Cork Suspension Bridge Undergoing Repairs For Corrosion

Daly’s Bridge in Cork, which is known locally as Shakey Bridge, is a local landmark that attracts visitors all year round. It’s the only suspension bridge that spans the River Lee and it’s been a favourite crossing for pedestrians since its construction in the 1920s.

However, much of the structure is made from wrought iron, which is now showing signs of corrosion.

As a result, a major restoration project costing an estimated €1.7 million is now underway. The Echo Live reported recently that the first section of the structure has been removed and taken away for restoration.

This work will all be conducted offsite, which means the bridge will need to be dismantled piece by piece. Engineers are using multiple winches to lower each section of the bridge to a barge waiting on the river, which will then transport it to shore where it can be taken away for repairs.

The bridge will remain closed until Easter 2020, when the city plans to reopen the walkway.

But not all elements of the bridge can be removed. The news provider explained that the towers on either bank will stay in situ and work will be conducted on site to repair them.

L&M Keating Ltd is working alongside a team of experts to carry out the restoration of the historic structure.

David McCarthy, contracts manager at Keatings Construction, told the news provider that it’s a difficult job because of the structure of the bridge.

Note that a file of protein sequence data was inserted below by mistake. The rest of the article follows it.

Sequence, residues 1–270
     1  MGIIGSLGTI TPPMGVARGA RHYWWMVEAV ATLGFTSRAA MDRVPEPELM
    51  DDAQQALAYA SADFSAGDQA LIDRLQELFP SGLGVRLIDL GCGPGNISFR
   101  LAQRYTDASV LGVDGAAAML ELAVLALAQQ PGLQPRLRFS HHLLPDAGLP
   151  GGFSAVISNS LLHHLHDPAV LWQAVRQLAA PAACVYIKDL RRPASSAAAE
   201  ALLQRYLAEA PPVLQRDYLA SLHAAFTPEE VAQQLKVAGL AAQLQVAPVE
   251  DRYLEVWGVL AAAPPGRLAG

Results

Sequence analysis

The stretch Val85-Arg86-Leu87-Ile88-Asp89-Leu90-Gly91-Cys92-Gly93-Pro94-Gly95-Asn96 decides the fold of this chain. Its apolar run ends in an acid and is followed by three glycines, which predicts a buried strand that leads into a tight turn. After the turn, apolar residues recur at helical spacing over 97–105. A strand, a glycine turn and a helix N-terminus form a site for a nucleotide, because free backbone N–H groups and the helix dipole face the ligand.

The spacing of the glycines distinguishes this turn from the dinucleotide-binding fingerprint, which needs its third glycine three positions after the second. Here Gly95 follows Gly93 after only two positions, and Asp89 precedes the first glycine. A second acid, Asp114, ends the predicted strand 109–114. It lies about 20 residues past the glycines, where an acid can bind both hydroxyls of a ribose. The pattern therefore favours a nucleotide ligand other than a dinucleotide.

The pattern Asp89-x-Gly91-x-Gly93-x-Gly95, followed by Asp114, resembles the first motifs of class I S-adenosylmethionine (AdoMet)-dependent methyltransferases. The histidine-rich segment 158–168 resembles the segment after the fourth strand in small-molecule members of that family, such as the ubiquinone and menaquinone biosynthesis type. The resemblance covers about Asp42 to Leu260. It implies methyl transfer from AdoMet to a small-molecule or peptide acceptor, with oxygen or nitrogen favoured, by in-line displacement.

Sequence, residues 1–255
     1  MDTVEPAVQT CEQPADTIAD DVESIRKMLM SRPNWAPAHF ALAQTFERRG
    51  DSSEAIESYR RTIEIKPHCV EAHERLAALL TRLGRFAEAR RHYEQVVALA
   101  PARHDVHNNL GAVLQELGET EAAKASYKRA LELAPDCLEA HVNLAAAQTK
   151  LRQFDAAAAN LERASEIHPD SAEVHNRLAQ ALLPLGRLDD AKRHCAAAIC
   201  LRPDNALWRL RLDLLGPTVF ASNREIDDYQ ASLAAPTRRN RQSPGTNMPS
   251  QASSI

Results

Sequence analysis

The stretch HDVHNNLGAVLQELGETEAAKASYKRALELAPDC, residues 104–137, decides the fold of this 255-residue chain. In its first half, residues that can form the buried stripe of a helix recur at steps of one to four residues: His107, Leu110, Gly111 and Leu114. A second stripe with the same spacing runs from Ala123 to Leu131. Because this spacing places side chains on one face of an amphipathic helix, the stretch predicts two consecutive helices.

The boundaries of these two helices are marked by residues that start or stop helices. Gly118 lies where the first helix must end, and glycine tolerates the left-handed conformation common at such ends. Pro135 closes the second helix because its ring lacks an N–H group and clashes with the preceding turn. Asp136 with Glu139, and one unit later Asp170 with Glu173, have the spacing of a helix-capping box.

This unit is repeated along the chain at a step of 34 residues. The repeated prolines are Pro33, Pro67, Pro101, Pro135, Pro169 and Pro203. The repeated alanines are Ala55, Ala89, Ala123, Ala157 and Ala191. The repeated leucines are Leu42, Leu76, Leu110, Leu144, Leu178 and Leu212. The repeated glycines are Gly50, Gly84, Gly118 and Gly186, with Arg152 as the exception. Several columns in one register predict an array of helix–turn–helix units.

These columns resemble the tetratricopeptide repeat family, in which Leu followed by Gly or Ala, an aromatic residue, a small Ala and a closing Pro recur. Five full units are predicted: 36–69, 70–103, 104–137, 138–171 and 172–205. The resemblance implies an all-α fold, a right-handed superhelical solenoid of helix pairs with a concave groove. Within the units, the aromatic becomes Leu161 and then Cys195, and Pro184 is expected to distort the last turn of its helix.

“It’s a unique enough type of project because there aren’t too many suspension bridges in the country and the opportunity doesn’t come up too often to do this type of work really,” he said. Mr McCarthy also revealed that the biggest challenge is dismantling and reerecting the structure once the work has been completed.

While Daly’s Bridge is made from wrought iron, many bridges also have issues with steel corrosion. The material is widely used in bridge construction and although it’s known for its durable nature, precautions need to be taken to ensure that it is looked after and kept free from corrosion.

A variety of factors can contribute to bridge corrosion, including salt water, high humidity, extreme weather and chloride-based compounds that are used to melt ice and snow in cold regions, Bridge Masters Inc revealed.

Corrosion can affect bridges in a range of ways, impacting different components, but fundamentally the biggest problem is that it weakens the structure and can lead to it becoming unsafe.

Hammersmith Bridge in London is just one that’s currently undergoing repairs as a result of corrosion. In this case, the corrosion has affected the structure’s bearings, which have seized up. Transport Network also reported that hairline fractures had started to appear in the iron casings around the bridge’s pedestals too.

The refurbishment of this river crossing could take up to three years and cost £120 million, the news provider added.

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